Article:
Lost in all the Sturm und Drang surrounding the financial crisis of 2008 – when several large U.S. financial institutions either failed (Washington Mutual Inc.), sold themselves off to avoid failure (Wachovia Corp.), or were simply propped by the federal government (Citigroup) – is the very real crisis facing community banks throughout the country.
The nation’s largest banks – all of which received direct capital infusions from the U.S. government under the controversial Troubled Asset Relief Program (TARP) – are once again profitable, and many of them have long since paid back the money. On the other hand, a great many community banks are still struggling to regain their footing – and for them the long nightmare is not yet over.
Haves vs. Have-Nots
The disparity in fortunes between the industry’s largest institutions and smaller regional banks is framed perfectly by two bank stock indexes published by Keefe Bruyette & Woods Inc. The KBW Bank Index (BKX), which is comprised of 24 U.S. money centers or super-regional banks, was up 17% on the year through late October, while the KBW Regional Banking Index (KRX) – which is comprised of 50 smaller regional banks – was up just 3% on the year. Clearly institutional investors like what they see in the BKX universe, and that has allowed large banks to raise capital at a reasonable cost and put their troubled past behind them.
Smaller regionals have had a more torturous recovery – and many of them were actually quite grateful to receive their TARP funds because when that money was being doled out two years ago it was the only available source of capital for most banks.
Overdosing on Real Estate
But most challenged by far are the thousands of small community institutions that are either privately owned or have thinly traded and highly illiquid stocks and haven’t been able to raise fresh capital to fuel their recovery. For the most part, their downfall has been the result of bad commercial real estate and real estate development loans, including loans tied to the grossly overbuilt housing market in such places as Florida, Nevada and Arizona.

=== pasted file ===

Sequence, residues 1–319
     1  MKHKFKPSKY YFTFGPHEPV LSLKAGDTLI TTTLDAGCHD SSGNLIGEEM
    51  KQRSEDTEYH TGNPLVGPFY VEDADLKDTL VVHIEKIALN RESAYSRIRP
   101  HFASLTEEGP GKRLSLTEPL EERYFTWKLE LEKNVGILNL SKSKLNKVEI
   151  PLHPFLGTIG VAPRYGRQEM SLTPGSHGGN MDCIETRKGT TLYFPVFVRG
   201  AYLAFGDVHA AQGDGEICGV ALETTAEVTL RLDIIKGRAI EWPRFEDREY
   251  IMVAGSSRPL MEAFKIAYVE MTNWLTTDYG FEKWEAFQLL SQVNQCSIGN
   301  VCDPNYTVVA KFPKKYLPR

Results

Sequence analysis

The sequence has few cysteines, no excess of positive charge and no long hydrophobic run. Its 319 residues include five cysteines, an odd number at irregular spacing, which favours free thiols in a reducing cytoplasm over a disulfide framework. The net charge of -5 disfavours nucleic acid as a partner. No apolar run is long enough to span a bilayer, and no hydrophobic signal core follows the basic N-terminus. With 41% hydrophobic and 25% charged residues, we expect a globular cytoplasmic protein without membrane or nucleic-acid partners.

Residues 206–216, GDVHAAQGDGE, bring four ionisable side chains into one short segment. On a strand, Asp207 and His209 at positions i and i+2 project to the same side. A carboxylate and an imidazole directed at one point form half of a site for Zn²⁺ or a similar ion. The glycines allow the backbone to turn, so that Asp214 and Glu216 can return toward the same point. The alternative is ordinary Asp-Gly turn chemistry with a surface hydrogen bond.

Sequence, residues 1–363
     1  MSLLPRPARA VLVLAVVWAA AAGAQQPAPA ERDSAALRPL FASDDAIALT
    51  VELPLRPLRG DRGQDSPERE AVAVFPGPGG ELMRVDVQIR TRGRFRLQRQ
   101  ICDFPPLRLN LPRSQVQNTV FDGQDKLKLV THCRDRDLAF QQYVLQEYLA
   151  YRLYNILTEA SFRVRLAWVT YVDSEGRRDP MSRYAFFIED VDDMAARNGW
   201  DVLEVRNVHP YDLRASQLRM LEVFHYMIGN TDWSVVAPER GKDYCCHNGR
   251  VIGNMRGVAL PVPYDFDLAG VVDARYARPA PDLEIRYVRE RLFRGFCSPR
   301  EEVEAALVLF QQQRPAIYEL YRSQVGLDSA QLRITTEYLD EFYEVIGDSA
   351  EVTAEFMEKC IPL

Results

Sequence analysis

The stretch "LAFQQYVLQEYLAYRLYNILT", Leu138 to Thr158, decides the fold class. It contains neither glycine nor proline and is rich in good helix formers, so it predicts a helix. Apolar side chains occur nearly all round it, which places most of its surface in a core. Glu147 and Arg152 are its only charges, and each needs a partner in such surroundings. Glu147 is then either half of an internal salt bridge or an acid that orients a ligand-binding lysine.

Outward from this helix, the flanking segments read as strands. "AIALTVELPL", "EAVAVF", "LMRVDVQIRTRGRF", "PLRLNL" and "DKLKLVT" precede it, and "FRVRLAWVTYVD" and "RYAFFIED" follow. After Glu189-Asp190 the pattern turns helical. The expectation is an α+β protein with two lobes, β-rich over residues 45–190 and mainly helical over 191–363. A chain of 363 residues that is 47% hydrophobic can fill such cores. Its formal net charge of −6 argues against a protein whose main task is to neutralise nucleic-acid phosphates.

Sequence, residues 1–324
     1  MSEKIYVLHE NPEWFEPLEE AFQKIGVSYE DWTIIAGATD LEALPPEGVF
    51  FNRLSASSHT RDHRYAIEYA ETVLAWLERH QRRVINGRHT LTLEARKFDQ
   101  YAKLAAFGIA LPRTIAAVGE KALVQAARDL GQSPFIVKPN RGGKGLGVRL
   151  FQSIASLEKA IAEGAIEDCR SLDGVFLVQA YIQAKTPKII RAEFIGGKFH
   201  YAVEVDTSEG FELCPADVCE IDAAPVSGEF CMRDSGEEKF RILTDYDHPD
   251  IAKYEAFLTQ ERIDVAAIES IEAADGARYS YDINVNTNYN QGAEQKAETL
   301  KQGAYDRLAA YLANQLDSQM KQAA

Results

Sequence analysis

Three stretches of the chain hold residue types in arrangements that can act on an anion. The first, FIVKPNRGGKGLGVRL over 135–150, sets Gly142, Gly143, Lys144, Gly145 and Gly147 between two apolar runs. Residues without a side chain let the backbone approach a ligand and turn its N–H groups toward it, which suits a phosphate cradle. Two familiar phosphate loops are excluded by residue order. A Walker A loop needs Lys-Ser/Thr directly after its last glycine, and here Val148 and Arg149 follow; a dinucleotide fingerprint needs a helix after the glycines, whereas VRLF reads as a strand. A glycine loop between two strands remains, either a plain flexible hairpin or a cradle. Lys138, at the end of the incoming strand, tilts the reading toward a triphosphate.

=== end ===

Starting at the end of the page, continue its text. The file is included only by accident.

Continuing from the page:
Although the U.S. housing bubble attracted lenders, investors and buyers like moths to a flame, there is a reason why so many community banks ended up being so overexposed to real estate. After 30-some years of disintermediation and conglomerization, there are only a limited number of ways that community banks can make money. Several large asset classes, including car loans, credit cards, mortgages and home equity loans, are now dominated by giant financial companies that have enormous marketing and efficiency advantages.
Expanding Their Business Model
Many community banks focus on small and medium-sized businesses because it’s one market where their superior service gives them a competitive advantage over the big banks, but generally they lack the revenue diversification of their larger peers. So when the residential real estate market took off in the early 2000’s and local developers were looking for loans to finance their construction activities, many smaller banks saw that opportunity as manna sent down from heaven.
As the U.S. economy improves and the real estate market gradually recovers, community banks will rebound as well. Unfortunately, their underlying weakness – the lack of revenue diversification – will remain. And the challenge for community bank CEOs and their directors will be to expand their business models to include a variety of fee-based activities that will make them less reliant on cyclical lending markets like real estate.
Otherwise, the community-banking sector will just be an accident waiting for the next recession to happen.